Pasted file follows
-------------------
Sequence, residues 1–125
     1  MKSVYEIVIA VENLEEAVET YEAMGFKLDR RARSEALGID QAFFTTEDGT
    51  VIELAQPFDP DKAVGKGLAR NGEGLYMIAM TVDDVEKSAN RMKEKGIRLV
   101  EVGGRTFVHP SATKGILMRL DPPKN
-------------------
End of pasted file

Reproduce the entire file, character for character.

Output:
Sequence, residues 1–125
     1  MKSVYEIVIA VENLEEAVET YEAMGFKLDR RARSEALGID QAFFTTEDGT
    51  VIELAQPFDP DKAVGKGLAR NGEGLYMIAM TVDDVEKSAN RMKEKGIRLV
   101  EVGGRTFVHP SATKGILMRL DPPKN